A History of Reading: The first book ever sold at Union Avenue Books
For those of you who read Monday’s post about closed businesses and contemplated moving out of the city, I hope Tuesday’s post about all the downtown businesses that have increased their stake in downtown by renovating, moving and expanding their businesses cheered you up a bit. If not, I think I may have just the antidote you need: New businesses rocked all over downtown in 2011! Let’s take a look.
Some of them are not obvious at first for various reasons. For example, I consider the Peter Kern Library (use the whisper in your head to read, “it’s really a bar”) to be a new business. I realize it is housed in the Hotel Oliver, but it wasn’t there in their pre-renovation configuration and it didn’t open when the hotel re-opened, so it’s a new business in my mind. And a pretty cool one, at that. This really gives the Hotel Oliver a clean sweep of my categories in that they closed, changed and opened a new business. In my world they count.
Megabus service came to downtown Knoxville
Another one that might not readily come to mind and doesn’t precisely fit is the new Megabus service. For me it has been a game-changer and I’m not alone. It’s pretty cool to drag my suitcase across the city, catch the bus, make one connection and be on the gulf coast, leaving my car in its usual spot for a perfect holiday. Again, it’s my blog and I say it counts.
Like a zombie, it cannot be killed: J’s Megamart re-opened
There were other oddities that sort of fit: The STEM school isn’t exactly a business, but it’s a significant event for downtown to have a public school. When was the last time that happened in Knoxville? The Sunsphere also,was opened for public events for the first time in a while. What about J’s Megamart? Who among us saw that coming?
One encouraging sign I noticed when gathering the information for this article: new businesses were spread all across the city. The eastern edge got stretched a bit with the opening of the Public House on Magnolia and Marble City Brewing Company opened The Quarry, their tasting room on Depot. While the two are quite different, they are near neighbors and both immediately became favorite gathering spots in a part of downtown that has been off-the-radar for some of us.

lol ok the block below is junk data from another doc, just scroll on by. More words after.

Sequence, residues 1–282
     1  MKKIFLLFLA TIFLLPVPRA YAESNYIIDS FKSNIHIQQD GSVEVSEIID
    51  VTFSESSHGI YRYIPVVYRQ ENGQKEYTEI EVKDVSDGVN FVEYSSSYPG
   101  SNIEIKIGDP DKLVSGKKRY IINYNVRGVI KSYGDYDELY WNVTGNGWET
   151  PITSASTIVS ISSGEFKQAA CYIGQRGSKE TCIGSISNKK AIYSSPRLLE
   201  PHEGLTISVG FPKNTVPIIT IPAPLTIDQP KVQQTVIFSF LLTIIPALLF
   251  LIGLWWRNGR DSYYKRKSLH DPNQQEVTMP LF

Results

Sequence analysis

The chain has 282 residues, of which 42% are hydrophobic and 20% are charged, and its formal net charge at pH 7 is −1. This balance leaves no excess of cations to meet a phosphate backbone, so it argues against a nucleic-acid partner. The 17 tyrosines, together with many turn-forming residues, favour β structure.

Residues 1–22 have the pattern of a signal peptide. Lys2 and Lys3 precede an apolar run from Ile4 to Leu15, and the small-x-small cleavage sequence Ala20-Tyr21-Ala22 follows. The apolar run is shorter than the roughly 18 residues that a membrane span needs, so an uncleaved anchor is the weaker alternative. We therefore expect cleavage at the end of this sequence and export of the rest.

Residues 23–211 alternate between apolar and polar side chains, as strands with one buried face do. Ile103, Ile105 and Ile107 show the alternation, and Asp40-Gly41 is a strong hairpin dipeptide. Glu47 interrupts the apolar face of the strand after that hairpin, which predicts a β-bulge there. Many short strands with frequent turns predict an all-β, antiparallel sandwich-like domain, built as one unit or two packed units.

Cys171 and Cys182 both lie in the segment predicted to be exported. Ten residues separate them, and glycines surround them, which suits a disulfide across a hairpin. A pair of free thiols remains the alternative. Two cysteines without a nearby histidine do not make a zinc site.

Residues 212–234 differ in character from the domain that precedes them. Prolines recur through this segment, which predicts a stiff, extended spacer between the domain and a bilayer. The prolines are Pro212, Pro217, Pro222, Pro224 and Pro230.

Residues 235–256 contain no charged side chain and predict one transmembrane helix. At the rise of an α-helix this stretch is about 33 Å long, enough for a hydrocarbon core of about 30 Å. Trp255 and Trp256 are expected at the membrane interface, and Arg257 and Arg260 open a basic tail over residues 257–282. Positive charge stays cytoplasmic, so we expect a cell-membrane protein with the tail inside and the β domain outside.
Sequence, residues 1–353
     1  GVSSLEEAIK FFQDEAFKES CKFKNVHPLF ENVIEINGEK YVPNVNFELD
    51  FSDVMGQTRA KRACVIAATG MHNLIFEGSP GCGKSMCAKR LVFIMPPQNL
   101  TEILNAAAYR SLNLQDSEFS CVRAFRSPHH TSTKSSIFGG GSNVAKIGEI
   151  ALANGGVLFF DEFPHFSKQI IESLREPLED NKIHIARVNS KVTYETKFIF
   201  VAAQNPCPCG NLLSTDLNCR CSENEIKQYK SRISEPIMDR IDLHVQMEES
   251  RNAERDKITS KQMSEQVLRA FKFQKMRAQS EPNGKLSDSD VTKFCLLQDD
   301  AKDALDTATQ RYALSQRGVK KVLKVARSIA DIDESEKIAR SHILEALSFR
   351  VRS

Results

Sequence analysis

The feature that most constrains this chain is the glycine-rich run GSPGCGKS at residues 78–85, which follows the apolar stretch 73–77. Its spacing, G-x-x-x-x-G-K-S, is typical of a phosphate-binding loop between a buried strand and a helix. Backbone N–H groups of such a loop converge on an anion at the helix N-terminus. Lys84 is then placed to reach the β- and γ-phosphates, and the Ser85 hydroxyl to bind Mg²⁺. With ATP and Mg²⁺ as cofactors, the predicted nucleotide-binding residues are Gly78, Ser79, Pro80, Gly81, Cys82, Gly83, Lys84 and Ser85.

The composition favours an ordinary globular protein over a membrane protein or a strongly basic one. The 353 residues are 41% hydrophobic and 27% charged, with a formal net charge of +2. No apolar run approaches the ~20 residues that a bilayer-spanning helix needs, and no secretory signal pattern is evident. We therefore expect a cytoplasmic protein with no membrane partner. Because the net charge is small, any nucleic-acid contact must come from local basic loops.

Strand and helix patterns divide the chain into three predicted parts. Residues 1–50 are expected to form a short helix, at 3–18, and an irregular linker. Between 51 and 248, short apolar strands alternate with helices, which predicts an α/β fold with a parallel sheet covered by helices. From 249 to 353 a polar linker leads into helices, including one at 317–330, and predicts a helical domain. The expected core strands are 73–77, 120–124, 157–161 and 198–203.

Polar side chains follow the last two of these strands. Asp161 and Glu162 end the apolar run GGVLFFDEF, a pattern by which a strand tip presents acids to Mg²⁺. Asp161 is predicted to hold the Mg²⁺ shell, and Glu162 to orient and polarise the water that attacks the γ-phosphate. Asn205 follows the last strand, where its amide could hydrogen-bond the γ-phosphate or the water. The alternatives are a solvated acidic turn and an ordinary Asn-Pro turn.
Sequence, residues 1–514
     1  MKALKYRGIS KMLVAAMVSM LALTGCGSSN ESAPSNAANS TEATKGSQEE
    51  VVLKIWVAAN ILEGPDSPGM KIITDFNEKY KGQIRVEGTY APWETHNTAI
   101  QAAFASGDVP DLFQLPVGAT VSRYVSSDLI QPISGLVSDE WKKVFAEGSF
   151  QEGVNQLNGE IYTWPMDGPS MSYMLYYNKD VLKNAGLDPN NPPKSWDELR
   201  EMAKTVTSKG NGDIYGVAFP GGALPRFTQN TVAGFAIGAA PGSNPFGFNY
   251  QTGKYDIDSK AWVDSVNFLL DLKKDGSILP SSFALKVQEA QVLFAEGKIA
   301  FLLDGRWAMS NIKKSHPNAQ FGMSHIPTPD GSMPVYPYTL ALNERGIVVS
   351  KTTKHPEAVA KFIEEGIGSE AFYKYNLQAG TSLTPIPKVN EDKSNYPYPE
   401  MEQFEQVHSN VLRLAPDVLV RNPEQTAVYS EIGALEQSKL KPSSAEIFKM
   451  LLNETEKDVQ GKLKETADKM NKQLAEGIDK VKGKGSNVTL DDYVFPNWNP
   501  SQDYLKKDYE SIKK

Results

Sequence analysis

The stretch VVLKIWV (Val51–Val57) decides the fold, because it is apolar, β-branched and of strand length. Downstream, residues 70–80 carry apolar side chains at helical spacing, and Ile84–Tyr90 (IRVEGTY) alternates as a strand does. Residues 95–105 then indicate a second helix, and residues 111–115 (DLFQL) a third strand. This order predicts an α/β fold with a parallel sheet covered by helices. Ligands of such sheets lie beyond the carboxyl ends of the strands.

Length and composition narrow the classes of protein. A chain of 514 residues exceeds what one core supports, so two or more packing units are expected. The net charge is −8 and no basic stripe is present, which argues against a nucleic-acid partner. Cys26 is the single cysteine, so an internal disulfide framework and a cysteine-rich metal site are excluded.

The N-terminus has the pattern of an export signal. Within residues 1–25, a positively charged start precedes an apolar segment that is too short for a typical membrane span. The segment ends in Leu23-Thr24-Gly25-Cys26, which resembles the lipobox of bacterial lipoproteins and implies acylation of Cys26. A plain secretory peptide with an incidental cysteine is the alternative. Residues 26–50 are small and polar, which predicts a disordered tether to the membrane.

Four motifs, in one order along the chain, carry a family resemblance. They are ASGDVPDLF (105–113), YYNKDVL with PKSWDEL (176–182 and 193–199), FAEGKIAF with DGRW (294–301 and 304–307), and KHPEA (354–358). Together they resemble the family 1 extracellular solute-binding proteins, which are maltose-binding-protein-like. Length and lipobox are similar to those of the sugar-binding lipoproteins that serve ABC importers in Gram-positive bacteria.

Carleo’s opened on Central in the Old City
Jackson Avenue Market brought food and convenience
Working from there back toward the center of downtown (Jack Neely is right, it’s time to bring back the name “Uptown” for the core of downtown. It’s becoming too confusing as downtown grows.), brings us to the Old City. I’ve already mentioned their extensive losses, but they had some impressive gains as well. Carleos bar opened on Central as did Old City Entertainment Venue just across the street. Just around the corner on Jackson, Crush opened its doors selling retro-clothing with an attitude and the Jackson Avenue Market served its first customers. Word is a new Sushi bar will open soon on Jackson across from Barley’s.
Crush on Jackson Avenue: Clothes with Attitude
Boyd’s Jig and Reel took Manhattan’s old spot
The biggest news in the Old City had to be the opening of Boyd’s Jig and Reel. A Scottish pub with a great feel and excellent music, the most critical thing it brought to the Old City was that the two most prominent buildings were no longer both empty. With the spot previously occupied by Manhattan’s in business again, we need to get something underway in the previous Patrick Sullivan’s across the street.